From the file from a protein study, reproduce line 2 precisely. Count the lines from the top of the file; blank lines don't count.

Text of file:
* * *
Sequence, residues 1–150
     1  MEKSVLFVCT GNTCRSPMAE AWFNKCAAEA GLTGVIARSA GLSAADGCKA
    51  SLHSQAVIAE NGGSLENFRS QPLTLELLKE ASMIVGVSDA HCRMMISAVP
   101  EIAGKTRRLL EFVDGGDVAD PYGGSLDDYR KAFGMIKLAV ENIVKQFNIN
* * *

     1  MEKSVLFVCT GNTCRSPMAE AWFNKCAAEA GLTGVIARSA GLSAADGCKA